Current proposal to make /bin/sh the default shell for root

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Date: Wed, 22 Sep 2021 10:36:45 +0200
From: Baptiste Daroussin <>
Subject: [HEADSUP] making /bin/sh the default shell for root


TL;DR: this is not a proposal to deorbit csh from base!!!

For years now, csh is the default root shell for FreeBSD, csh can be confusing
as a default shell for many as all other unix like settled on a bourne shell
compatible interactive shell: zsh, bash, or variant of ksh.

Recently our sh(1) has receive update to make it more user friendly in
interactive mode:
* command completion (thanks pstef@)
* improvement in the emacs mode, to make it behave by default like other shells
* improvement in the vi mode (in particular the vi edit to respect $EDITOR)
* support for history as described by POSIX.

This makes it a usable shell by default, which is why I would like to propose to
make it the default shell for root starting FreeBSD 14.0-RELEASE (not MFCed)

If no strong arguments has been raised until October 15th, I will make this
proposal happen.


Best regards,
In the last days, I ran through a major overhauling of my websites, and I used sed(1) for batch changing/adding/deleting tags and attributes of hundreds of pages. I became tired of figuring out what's the escape sequence for example of \" in tcsh, and initially I entered sh(1) before sediting. Lately, I abandoned tcsh and switched to bash. Look, I tried hard to stay away from this GNU stuff, but tcsh is simply a PITA when it comes to more sophisticated commands.
I've been using sh(1) with "-o vi" option for a long time. Recently, I've changed my default (Normal user) to the ksh(1). In short, I think the proposal is a good one.

Back in the FreeBSD 6.2, I was using tcsh(1) for a short period of time. I had this false impression that it must have something to do with C language. I was wrong!
I rather the default stay with csh than sh, or it use mksh or another implementation of ksh.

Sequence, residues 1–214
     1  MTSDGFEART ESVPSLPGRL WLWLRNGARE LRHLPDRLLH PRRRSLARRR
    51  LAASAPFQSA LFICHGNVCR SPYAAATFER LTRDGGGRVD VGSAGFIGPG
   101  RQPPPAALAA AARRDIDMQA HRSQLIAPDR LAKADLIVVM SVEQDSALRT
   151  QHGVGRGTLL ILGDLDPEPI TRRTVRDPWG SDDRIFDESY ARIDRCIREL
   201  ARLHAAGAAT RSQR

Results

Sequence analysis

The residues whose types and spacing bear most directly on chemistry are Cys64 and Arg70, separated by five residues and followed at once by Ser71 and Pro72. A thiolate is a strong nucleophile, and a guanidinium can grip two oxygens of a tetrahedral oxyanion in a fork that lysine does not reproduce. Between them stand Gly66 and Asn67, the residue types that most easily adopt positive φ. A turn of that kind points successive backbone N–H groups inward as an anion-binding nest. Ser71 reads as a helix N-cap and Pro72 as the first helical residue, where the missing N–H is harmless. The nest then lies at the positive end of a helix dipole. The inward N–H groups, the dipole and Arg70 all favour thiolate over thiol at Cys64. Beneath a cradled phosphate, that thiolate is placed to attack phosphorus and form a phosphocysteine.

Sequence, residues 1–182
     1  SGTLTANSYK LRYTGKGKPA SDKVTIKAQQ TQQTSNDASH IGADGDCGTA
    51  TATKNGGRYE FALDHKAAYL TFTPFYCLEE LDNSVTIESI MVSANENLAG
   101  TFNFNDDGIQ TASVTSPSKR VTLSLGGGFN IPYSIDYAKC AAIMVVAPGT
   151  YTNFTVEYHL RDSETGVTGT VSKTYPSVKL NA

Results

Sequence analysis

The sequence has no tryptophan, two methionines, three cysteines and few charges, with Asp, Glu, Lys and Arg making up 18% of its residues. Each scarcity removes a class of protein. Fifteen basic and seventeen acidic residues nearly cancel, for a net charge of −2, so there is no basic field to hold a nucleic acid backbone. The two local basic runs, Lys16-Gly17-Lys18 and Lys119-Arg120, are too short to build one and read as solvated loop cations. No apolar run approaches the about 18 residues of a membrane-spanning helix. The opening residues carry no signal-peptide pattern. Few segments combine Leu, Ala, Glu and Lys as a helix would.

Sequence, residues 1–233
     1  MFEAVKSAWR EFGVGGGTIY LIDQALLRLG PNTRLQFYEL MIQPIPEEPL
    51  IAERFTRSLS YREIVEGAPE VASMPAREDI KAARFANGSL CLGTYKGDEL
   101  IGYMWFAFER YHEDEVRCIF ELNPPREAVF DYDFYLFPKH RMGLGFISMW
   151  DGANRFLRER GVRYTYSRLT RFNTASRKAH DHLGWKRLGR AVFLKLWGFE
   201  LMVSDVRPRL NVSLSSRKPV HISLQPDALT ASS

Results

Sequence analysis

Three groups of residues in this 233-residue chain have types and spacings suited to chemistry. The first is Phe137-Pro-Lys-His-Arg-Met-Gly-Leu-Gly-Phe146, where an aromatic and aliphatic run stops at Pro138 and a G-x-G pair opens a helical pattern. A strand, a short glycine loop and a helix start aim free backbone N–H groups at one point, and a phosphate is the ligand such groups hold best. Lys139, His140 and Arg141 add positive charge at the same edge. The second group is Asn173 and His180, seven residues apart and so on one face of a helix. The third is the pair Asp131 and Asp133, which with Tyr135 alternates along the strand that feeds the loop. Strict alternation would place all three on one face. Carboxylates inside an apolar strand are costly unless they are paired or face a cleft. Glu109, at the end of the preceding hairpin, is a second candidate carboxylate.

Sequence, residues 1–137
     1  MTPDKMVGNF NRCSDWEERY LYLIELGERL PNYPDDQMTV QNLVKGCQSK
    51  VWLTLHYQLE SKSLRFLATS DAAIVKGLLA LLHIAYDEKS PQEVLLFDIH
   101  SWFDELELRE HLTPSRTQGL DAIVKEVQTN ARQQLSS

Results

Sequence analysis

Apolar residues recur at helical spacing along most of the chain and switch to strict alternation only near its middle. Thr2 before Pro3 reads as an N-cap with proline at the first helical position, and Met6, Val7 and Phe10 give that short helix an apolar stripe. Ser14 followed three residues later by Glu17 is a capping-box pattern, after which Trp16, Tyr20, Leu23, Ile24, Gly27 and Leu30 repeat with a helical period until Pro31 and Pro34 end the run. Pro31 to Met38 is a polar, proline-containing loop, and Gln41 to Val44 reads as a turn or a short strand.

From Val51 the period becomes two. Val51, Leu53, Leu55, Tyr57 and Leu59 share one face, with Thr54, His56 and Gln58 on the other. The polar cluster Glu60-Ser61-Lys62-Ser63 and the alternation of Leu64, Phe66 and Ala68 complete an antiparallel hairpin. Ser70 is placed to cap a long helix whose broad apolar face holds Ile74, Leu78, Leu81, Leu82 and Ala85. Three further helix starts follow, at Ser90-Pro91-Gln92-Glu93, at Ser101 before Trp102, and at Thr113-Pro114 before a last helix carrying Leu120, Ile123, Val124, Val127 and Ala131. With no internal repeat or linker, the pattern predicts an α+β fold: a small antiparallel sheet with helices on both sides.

I need auto-completion for some commands.
I have to see it first. sh had history, where I can use an arrow key, but it toggled through the whole history, instead of starting at those that matched the first typed letters.

I'm more comfortable with mksh or another ksh than anything else.

When I used mksh as default, I had to remember to reinstall it when I upgraded, or I wouldn't be able to make fixes or would have problems continuing setting up. I stick with csh, because of this.
sh had history, where I can use an arrow key, but it toggled through the whole history, instead of starting at those that matched the first typed letters.
History isn't (or wasn't) persistent either. Not sure what "support for history as described by POSIX." actually means. Does that include persistent history?
Does that include persistent history?
I don't know.

When I type in complex commands for csh or mksh, I can type part of it, then use my arrow keys to get auto-completion or history that starts with the matches of what I typed this time.

I tried sh again just now, and while I can type part of a command, my arrow key scrolls though all recent commands, regardless of what I typed.

When I'm using ImageMagick, I need to scroll from the point of a typed prefix to make minor adjustments, which is further back in history, than other commands. Also for any other command.
I didn't even know POSIX described a history feature. But I'm a bit amused by the expectation that people would go bananas if removal of tcsh from base might be discussed 🥳

What a base system needs is a bourne shell. What it also needs is a (somewhat) comfortable interactive shell, cause there are situations when base is all you have at hands. So far so good. Making FreeBSD's /bin/sh more comfortable sounds like a nice idea to me. So you *might* think that tcsh *might* become superfluous. Haha…

Even then, what's the problem? You can use any shell you like anyways, and if you want a non-base shell for root, that's what the "toor" alias is for.
I don't really think it matters what shell is assigned by default to the root account.
I have lived with csh there for a very long time, and managed to ignore it completely (at an ongoing cost of maintaining my own copy of /bin/ksh).
Opinions will vary on the most suitable replacement, and many will be dissatisfied, no matter what is chosen.
I have observed, several times, that I don't want to be using a strange shell with strange syntax (and desperately needing to refer to man csh) when the chips are down.
So I do think it matters (a lot) what shells are available for use in single user mode with the base system installed.
BSD systems have a very long history of using csh for root, but I do believe that csh has fallen into disuse (for good reasons).
Every other Unix variant I can think of uses a Bourne compatible shell for the root account ( bash, dash, ksh, to mention a few).
So, I think a Bourne compatible shell is a good idea, but I'm not going to fight for any particular one.
Back when an RL02 disk was 10 MiB, limiting the size of the root was mandatory. These days 100 GiB thumb drives can be had for $20.
I would fight to see a raft of common shells available in single user mode, so exec /bin/ksh or exec /bin/bash just rolled off the fingers...